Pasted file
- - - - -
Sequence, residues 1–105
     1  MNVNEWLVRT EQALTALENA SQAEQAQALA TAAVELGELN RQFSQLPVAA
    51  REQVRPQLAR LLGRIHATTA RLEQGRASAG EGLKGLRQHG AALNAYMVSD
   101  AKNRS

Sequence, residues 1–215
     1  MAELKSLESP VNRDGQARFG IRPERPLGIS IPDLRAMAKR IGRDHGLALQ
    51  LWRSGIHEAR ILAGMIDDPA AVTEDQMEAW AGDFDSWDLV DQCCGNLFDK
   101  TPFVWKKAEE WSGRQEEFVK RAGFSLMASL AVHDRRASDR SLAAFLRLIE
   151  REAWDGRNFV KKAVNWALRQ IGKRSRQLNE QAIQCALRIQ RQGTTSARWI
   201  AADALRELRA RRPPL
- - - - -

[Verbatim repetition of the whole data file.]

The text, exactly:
Sequence, residues 1–105
     1  MNVNEWLVRT EQALTALENA SQAEQAQALA TAAVELGELN RQFSQLPVAA
    51  REQVRPQLAR LLGRIHATTA RLEQGRASAG EGLKGLRQHG AALNAYMVSD
   101  AKNRS

Sequence, residues 1–215
     1  MAELKSLESP VNRDGQARFG IRPERPLGIS IPDLRAMAKR IGRDHGLALQ
    51  LWRSGIHEAR ILAGMIDDPA AVTEDQMEAW AGDFDSWDLV DQCCGNLFDK
   101  TPFVWKKAEE WSGRQEEFVK RAGFSLMASL AVHDRRASDR SLAAFLRLIE
   151  REAWDGRNFV KKAVNWALRQ IGKRSRQLNE QAIQCALRIQ RQGTTSARWI
   201  AADALRELRA RRPPL